13. My 8 month cherry spayed before 4 month but before 4 days she came in heat and mating too..i was so angry on dr and called him ,he says during surgery one ovary was left due to some complications and now we wont able to remove the left ovary because it get deep inside.
    So my cherry will come in heat but no puppies,actually i dont want her to come in heat.please advise

    1. Hi Smita. Why don’t you ask a second vet if they can go back to remove the ovary? It should be quite possible to do this and a second opinion won’t hurt. Otherwise, yes, your dog will continue to have heats. If that’s the case it’s essential that the vets removed the entire uterus down to the cervix.

  14. So what about the transitional cell carcinoma risk related to traditional spayerd

    1. Thanks Mary. TCC is not a common cancer but I’m also not aware of studies that report an increased incidence. If you know of any, please post the info & I will look it look into it for you.

  15. Thanks for your response Andrew. I must say, no one seems to offer this procedure in Sydney and nobody seems to have heard of it being done in pets. They do offer the partial desex with scope where only the ovaries are removed. I am very surprised at how rare. Well done for offering your unique skills to your local community. Their good fortune indeed.

  16. Good morning

    Thank you for your article on desexing options. I am in Sydney north. Do you have an colleagues who perform tubal litigation on dogs in my city?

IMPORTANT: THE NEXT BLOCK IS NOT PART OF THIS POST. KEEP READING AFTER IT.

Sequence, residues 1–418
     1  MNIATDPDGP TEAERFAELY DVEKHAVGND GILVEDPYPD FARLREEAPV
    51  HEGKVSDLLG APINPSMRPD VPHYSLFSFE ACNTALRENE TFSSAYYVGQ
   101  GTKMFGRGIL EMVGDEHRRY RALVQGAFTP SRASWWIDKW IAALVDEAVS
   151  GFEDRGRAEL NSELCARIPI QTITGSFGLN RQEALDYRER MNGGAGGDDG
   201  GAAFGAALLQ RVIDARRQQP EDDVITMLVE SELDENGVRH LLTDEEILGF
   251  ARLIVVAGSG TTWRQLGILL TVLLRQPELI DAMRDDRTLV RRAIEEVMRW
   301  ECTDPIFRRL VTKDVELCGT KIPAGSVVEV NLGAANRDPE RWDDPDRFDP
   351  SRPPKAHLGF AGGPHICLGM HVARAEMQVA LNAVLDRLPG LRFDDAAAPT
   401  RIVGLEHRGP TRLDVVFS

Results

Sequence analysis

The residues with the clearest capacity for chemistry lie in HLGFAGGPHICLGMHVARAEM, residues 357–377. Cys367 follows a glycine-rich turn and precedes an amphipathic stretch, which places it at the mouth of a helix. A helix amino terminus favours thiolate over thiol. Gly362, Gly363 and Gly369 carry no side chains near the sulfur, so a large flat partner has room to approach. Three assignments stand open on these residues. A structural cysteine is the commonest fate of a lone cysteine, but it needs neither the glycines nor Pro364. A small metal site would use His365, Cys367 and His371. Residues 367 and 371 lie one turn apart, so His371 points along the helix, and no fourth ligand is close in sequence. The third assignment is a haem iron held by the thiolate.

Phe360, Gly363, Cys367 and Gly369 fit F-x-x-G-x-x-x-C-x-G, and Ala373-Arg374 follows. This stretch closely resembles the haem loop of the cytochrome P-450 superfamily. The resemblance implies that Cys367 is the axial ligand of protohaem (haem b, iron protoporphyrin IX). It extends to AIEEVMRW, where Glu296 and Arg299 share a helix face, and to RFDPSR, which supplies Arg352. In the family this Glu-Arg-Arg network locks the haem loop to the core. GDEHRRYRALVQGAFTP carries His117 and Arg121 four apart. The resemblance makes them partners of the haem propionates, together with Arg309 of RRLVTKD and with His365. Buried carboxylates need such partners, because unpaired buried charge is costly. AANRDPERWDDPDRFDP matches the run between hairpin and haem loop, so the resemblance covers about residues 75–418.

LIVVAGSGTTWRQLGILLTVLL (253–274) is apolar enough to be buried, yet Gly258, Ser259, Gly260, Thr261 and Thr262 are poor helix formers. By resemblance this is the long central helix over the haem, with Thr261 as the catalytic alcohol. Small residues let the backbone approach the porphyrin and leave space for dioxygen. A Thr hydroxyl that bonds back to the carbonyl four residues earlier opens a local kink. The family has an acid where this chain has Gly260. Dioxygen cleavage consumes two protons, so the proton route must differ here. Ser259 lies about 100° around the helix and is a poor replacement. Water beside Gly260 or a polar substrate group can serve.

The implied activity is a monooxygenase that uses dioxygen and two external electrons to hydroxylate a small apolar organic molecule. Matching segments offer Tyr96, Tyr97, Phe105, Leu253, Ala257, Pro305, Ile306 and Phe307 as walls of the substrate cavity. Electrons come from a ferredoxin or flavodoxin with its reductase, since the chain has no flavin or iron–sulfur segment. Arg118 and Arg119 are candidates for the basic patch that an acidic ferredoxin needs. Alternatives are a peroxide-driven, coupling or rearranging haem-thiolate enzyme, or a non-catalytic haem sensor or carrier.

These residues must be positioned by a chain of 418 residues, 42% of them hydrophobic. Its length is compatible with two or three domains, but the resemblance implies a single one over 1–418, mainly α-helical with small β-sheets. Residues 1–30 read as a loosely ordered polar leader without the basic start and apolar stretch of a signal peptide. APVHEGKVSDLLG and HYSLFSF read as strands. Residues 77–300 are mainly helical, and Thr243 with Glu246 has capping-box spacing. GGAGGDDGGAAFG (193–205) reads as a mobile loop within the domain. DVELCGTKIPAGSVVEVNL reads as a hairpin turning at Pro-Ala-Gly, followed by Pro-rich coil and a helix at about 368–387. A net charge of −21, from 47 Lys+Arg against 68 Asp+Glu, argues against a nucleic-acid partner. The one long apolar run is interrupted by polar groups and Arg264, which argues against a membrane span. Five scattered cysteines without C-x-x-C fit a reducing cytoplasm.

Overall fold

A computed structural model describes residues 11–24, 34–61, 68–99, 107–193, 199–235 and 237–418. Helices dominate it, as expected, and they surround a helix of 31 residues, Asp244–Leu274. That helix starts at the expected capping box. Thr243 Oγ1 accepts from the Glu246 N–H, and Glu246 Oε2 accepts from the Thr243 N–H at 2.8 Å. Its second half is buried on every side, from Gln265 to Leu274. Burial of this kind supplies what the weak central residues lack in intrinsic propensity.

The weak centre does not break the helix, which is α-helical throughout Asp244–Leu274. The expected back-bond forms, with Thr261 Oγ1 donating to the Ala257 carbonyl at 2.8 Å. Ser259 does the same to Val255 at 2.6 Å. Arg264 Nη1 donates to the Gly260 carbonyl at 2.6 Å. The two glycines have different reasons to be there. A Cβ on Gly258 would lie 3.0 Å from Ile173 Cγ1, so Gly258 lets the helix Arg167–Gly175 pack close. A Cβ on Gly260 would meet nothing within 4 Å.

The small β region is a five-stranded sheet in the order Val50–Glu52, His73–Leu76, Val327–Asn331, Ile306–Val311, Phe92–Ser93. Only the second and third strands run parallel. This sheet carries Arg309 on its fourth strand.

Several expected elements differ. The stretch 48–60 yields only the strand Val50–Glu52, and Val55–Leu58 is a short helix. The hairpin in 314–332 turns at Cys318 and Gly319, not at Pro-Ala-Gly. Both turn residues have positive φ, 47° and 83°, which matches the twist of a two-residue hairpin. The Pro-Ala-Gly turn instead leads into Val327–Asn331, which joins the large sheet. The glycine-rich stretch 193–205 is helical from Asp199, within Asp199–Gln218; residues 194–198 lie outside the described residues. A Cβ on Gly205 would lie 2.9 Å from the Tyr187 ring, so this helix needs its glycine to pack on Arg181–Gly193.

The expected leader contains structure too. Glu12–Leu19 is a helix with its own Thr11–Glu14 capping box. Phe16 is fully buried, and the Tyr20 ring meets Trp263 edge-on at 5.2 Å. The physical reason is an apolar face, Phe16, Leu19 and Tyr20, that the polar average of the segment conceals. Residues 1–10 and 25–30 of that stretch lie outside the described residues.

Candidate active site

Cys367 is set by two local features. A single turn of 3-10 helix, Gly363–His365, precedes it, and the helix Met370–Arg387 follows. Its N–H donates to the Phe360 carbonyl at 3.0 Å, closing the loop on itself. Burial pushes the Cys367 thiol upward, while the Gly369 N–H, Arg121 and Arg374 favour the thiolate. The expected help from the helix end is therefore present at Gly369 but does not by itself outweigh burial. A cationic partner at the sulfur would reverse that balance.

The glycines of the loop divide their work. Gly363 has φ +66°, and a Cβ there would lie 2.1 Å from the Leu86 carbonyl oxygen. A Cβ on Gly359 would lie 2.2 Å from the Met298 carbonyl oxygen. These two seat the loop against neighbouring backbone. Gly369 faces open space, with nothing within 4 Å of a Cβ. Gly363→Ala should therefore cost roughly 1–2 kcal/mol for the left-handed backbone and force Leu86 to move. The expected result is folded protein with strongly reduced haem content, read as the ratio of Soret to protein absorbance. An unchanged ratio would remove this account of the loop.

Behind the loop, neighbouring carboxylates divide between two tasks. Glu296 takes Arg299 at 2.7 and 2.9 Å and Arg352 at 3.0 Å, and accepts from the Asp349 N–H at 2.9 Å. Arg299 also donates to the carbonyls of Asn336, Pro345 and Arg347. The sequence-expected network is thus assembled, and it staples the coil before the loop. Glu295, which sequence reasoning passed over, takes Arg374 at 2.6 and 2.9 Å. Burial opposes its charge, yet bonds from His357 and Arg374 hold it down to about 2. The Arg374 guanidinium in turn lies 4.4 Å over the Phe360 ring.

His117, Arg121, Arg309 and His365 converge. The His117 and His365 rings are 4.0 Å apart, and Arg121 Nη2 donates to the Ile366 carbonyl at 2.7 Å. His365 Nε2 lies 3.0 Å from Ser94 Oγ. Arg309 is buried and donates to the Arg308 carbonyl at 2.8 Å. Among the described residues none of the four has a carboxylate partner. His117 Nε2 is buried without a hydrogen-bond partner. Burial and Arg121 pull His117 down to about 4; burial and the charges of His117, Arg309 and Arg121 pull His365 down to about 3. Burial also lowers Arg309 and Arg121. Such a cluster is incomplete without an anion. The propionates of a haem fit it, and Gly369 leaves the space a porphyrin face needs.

Many thanks

    1. Hi Tania- I’m not aware of which vets offer the procedure but it’s not difficult for any experienced vet to perform. You should be able to find someone by ringing around.

      1. Hi Andrew!
        Thank you for educating owners on spay and neuter options available in the US. I have two female Westies (10 month old & 3.5 month old) and am considering either OSS or the surgery that only removes the ovariectomy. Is the percentage of urinary incontinence lower with an ovariectomy as well? My vet mentioned that about 10-20% of the hormones remain with the cervix still in place. I would like to give my girls a long life without any health issues and am trying to decide which procedure is beat. Thank you!

      2. Hi Ania. It’s likely that ovariectomy will have similar rates of urinary incontinence to a full spay procedure. However, it hasn’t been studied specifically to my knowledge and I suspect that your vet may be correct in saying there will be a slight reduction in risk.